The fact that the science has a 150 year history does. The rough conclusions were correct 100 years ago -- 4-5C warming for a doubling of CO2.

        But no! Anything but accept that there might be such a thing as an environmental issue! Those guys are socialist nutcases!!!!

        • But wait, we haven't seen a doubling of CO2 in the past 100 years...or even the past 1000 years, and we certainly haven't seen 4-5C of warming that would go with it.

          So while you might be able to create an equation that matches our current data, and which also asserts that we'll see a 4-5C warming for a doubling of CO2, that's an extrapolation of assumptions - we haven't actually *observed* that.

          FWIW, CO2 from say, 1000AD to today has gone from 280ppm to around 390ppm (about a 39% increase, as opposed to a d

          • The reason (I believe) is that CO2 is not the only greenhouse gas. The other ones have a dampening effect. So you need to take into consideration the entire composition of the atmosphere, not just CO2. There was a study several year back that did exactly that. So don't worry, scientists are on top of this; or at least, are aware of the problems you describe and are actively trying to solve them.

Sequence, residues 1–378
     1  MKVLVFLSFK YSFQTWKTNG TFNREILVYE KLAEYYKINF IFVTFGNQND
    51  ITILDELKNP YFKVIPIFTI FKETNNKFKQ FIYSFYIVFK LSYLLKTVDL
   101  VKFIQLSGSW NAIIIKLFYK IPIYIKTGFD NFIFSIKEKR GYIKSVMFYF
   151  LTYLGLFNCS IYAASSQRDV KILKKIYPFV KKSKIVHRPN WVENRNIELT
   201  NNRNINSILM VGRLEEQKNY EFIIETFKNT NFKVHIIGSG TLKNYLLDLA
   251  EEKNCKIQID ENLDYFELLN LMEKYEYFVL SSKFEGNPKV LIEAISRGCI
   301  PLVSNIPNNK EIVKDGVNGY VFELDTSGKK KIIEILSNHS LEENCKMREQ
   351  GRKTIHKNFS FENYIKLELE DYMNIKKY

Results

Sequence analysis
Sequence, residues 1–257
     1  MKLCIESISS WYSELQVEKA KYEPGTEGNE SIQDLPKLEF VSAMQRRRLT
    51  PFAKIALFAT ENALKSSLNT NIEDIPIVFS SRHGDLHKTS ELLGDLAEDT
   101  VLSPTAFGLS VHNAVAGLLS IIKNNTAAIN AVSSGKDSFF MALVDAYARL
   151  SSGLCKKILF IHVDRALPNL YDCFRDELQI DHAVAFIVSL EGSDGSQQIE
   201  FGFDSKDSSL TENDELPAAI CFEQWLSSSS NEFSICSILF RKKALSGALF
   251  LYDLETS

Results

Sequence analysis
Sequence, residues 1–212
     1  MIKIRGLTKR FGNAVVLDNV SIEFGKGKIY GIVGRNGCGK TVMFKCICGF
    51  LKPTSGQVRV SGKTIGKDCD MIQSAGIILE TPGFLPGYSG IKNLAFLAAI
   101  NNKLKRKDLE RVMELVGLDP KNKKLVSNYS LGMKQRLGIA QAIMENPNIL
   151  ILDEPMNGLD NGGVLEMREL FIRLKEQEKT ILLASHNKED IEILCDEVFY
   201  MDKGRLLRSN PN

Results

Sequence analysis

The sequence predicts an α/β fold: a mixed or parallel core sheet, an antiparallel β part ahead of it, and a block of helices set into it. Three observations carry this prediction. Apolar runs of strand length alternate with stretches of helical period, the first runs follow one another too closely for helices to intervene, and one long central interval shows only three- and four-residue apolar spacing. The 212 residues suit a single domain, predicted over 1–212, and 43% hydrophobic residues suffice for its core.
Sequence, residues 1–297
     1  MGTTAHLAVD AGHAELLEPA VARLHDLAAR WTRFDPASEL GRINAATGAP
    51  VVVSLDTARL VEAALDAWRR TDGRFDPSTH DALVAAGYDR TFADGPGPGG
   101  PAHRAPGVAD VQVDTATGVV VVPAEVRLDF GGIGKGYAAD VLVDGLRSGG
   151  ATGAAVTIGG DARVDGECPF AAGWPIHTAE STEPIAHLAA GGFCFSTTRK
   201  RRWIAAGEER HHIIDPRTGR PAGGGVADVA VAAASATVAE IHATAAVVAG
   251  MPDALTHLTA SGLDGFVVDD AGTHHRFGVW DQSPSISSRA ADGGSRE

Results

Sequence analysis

• Okay, so we've got a theoretical "4-5C warming if we double CO2 and everything else stays *exactly the same*". I might even buy that.

              A world where any significant portion of it stays *exactly the same*? That's fantasy :)

              The real question is this - we could have started with the theory "0.04-0.05C warming if we double CO2 and everything else stays *exactly the same*", and made the same excuses we're making today for the warming prediction 100 times higher. How could we discern between those two hypotheses

              • Okay, so we've got a theoretical "4-5C warming if we double CO2 and everything else stays *exactly the same*". I might even buy that.

                A world where any significant portion of it stays *exactly the same*? That's fantasy :)

                The real question is this - we could have started with the theory "0.04-0.05C warming if we double CO2 and everything else stays *exactly the same*", and made the same excuses we're making today for the warming prediction 100 times higher. How could we discern between those two hypotheses? What observations would exclude one or the other from being true?

                IOW: since not all other things can be the same, everything will be okay. PERIOD.

            • by drinkypoo (153816)

              The reason (I believe) is that CO2 is not the only greenhouse gas. The other ones have a dampening effect.